Tips to Encourage Summer Reading for Dyslexic Kids and Others, too!

Tips to Encourage Summer Reading for Dyslexic Kids and Others, too!

The Importance of Summer Reading for ALL Kids

Need tips to encourage summer reading for dyslexic kids? With summer vacation, you might be concerned about something known as “summer slide.” This term refers to many students’ loss of some learned skills from the previous school year. However, for dyslexic students, this time of “learning loss” can be even more significant than for typical students. As a result, there is a particular need to help prevent this “summer slide” for these unique learners.

In this timely article, we are providing you with some practical tips and strategies to encourage summer reading for dyslexic students. These tips will help your children avoid the dreaded “summer slide.”  Also, we hope you will find the list below easy to implement right away. As a result, not only will these practical tips help your dyslexic child.  In addition, your other children will benefit, too!

Practical Tips to Encourage Summer Reading for Dyslexic Kids

1. Allow Kids to Find Books That Excite & Inspire Them!
First, always allow children to choose their own books to read. Of course, you can make suggestions, but please permit them to select the titles that appeal to THEM. With reluctant readers, consider selections about challenged learners. In addition, you might suggest non-fiction titles on a particular topic of interest. Surprisingly, many children are not interested in fiction but prefer “how-to” books instead.

2. Let Them Create Their Own Summer Reading Schedules.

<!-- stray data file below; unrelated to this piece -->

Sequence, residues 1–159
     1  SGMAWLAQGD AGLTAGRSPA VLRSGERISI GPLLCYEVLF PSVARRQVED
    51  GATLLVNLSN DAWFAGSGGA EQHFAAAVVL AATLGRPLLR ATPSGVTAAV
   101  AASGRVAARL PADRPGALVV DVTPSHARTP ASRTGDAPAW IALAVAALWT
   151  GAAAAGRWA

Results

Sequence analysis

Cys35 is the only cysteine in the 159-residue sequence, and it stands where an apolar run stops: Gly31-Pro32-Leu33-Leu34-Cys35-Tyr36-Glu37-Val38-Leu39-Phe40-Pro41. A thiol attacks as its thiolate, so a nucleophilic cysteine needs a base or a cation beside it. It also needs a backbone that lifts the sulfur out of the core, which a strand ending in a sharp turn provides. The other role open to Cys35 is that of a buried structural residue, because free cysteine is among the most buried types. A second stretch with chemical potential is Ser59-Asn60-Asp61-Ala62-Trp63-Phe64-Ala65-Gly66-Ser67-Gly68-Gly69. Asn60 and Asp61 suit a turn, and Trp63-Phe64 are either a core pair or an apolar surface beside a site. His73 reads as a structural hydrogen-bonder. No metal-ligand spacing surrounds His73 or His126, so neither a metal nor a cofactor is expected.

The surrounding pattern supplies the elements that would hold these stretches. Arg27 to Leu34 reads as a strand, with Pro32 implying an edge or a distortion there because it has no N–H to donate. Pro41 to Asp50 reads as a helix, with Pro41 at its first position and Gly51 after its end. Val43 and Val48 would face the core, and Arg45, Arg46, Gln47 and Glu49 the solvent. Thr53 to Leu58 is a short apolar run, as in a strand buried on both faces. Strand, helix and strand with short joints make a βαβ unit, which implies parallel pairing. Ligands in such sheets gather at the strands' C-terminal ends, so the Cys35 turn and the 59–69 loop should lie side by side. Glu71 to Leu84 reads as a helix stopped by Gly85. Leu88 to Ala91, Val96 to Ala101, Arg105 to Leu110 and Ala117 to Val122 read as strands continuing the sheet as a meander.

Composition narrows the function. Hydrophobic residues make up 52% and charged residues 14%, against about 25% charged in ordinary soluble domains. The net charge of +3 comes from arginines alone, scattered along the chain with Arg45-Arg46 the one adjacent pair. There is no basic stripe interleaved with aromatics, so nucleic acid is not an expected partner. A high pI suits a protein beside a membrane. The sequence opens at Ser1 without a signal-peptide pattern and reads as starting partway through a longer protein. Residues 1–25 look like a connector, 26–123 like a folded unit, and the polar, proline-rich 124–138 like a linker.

Secondly, discuss with your child how he would like to manage his reading over the summer. Perhaps doing chores in the morning with reading for pleasure at a set time in the afternoon is the preferred way for your child. As another option, reading a book from Monday to Thursday with a related, hands-on activity on Friday might be a good idea. Regardless of the plan, allow your child to decide how to manage his summer reading.

3. Provide Related Sensory Experiences 
Multi-sensory literacy experiences are especially important for kids with dyslexia. As a result, provide sensory-appealing activities that relate to the topic or characters in the current book your child is reading. For young children, adding sounds or using finger puppets for animal characters might work well. For older children, creating a comic strip version of the book’s plot might be a good idea.

4. Remember to Celebrate the Completion of a Book!
Plan to enjoy a “reward” for completing each book your child reads. This can be something simple, inexpensive, and agreed upon ahead of time that will be an incentive for finishing each book. For instance, plan a trip to a library not previously visited. As another idea, you might agree to your child’s selection of a new e-book by his favorite author.

5. Read & Lead by Example.
Finally, you may already know that kids imitate what they see and experience. So, be sure YOU demonstrate your love of reading so that your child will see that it is important to you. Moreover, what is important to parents will become important to their children.


Tips to Inspire Summer Reading in Dyslexic Students from The Dyslexia Resource
Learn simple tips and strategies to help kids with dyslexia and others love to read!

Strategies for Summer Reading for Children with Dyslexia by Dale S. Brown, Reading Rockets

Taking Time for Summer Fun from The Yale Center for Dyslexia and Creativity
Ultimately, individuals with dyslexics may have to be more deliberate with their time and resources, but they deserve playful, engaging and leisurely summers as much as (or more than) anyone!

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